Overall, I would recommend Airbnb to couples and larger groups or those looking for a more authentic experience in a new city. Five star luxury travelers or those looking solely to be pampered on their vacation and are not interested in discovering local gems or living like a local may not have the most positive experience with Airbnb. My best advice before booking an Airbnb is to read the reviews. A property with 100 positive reviews and 10 negative reviews is a much safer bet than a property with two positive reviews and no negative reviews. I would recommend against staying in a property with zero reviews, unless you’re a real daredevil, because you have no idea what to expect, and the host is likely a new host who is not as familiar with dealing with guests.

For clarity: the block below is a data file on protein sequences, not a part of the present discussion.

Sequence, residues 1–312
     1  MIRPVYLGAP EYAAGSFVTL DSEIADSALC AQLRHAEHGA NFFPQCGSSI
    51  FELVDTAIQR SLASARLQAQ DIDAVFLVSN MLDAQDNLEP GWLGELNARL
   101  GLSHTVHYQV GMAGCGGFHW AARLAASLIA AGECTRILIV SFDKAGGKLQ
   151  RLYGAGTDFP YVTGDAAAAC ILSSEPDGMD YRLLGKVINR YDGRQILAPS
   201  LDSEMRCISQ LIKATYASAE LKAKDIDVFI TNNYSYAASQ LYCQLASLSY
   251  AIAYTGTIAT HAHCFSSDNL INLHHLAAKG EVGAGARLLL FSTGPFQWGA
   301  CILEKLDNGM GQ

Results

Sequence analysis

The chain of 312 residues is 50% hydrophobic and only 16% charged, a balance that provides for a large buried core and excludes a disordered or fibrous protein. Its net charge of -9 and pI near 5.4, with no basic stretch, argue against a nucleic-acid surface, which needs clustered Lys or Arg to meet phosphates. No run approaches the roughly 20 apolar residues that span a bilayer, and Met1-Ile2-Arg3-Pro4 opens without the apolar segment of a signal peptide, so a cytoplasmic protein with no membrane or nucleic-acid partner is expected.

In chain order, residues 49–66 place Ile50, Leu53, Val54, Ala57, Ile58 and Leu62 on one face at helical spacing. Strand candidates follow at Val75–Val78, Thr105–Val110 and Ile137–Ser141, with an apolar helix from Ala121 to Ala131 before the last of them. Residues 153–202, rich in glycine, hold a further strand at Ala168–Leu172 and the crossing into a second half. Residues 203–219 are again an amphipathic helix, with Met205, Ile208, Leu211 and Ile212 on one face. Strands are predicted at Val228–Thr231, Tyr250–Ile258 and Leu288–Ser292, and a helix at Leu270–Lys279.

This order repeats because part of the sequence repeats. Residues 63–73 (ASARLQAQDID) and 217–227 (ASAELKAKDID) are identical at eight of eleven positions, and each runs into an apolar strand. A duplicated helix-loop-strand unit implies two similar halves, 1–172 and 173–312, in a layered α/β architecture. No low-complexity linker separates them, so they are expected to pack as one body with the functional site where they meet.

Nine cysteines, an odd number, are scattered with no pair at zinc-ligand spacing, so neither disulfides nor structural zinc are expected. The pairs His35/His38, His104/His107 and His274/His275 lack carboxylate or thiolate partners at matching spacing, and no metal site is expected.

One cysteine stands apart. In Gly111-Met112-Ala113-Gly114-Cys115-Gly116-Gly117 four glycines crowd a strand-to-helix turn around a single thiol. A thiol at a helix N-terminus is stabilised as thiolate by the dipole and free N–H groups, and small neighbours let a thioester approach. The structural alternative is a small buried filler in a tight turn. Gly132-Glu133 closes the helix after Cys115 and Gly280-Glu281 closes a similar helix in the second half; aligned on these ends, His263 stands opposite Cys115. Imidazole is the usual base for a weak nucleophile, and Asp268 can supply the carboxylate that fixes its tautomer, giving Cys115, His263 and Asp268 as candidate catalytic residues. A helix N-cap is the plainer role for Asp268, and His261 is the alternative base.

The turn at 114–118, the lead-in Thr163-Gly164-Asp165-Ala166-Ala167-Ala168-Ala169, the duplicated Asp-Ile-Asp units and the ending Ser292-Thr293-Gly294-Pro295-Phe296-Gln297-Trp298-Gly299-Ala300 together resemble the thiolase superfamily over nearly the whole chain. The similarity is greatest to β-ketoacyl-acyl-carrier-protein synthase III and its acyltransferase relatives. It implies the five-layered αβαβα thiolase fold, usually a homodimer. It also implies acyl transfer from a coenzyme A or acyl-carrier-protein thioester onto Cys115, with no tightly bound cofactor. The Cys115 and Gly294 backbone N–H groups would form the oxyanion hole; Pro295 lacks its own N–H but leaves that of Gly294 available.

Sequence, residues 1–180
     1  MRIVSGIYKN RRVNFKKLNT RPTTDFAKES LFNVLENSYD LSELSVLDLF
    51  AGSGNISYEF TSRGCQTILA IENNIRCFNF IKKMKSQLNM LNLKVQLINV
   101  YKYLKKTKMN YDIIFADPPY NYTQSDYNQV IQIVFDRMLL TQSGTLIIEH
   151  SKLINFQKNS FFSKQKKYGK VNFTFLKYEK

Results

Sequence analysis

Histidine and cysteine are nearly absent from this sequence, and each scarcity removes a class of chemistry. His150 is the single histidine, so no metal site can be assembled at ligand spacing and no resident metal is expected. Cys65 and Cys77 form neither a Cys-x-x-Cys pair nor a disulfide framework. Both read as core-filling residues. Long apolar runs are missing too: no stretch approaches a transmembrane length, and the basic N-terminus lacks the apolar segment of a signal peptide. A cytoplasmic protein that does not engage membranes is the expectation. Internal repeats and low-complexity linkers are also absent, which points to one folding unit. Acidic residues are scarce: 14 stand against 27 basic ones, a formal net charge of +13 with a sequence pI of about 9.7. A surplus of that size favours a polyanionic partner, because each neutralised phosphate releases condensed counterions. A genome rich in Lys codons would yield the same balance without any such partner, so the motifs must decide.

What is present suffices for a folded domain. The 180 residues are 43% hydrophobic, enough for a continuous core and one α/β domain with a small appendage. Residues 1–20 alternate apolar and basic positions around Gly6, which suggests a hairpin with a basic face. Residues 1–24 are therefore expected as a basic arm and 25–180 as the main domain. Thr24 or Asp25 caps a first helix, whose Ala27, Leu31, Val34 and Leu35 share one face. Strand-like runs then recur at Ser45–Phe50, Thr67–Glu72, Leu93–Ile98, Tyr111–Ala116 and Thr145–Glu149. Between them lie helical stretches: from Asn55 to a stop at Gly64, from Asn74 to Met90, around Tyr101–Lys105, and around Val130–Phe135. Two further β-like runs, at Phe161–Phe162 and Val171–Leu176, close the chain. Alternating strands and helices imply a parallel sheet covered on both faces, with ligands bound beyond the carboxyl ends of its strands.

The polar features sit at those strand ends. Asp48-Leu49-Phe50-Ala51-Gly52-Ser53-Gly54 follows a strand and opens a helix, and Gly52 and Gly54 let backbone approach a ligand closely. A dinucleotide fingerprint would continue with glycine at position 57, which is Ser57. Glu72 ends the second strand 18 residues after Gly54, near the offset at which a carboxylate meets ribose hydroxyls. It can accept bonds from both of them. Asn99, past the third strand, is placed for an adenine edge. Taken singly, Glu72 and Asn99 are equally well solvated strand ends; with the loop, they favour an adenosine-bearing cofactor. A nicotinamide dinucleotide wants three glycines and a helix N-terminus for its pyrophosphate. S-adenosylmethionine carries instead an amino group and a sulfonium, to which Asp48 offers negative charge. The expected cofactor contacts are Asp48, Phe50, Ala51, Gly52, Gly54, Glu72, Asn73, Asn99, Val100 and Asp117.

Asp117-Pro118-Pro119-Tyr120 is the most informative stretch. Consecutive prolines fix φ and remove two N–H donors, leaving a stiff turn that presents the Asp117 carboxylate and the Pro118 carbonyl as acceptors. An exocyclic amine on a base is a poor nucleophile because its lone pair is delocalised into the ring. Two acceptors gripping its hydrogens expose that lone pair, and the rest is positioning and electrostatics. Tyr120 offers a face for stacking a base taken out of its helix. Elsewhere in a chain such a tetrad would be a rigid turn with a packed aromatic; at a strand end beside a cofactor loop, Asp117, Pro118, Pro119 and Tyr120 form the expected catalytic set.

Finally, as promised above, here is a link for you to receive $40 USD off your first Airbnb booking.
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Hi, I’m Diana, the big sister in the sister duo. I left my job as an attorney in March 2017 to pursue the work-from-anywhere/travel-everywhere life aka The Dream. I blog about off the beaten trail travel destinations, adventure travel, immersing in local cultures, and publish plenty of travel guides for all you who are too lazy to plan your own trips. I’ve traveled to 53 countries to date, and some of my recent adventures include hiking Mt. Kilimanjaro, visiting a child I’ve sponsored for over 10 years in Rwanda, and exploring the Middle East.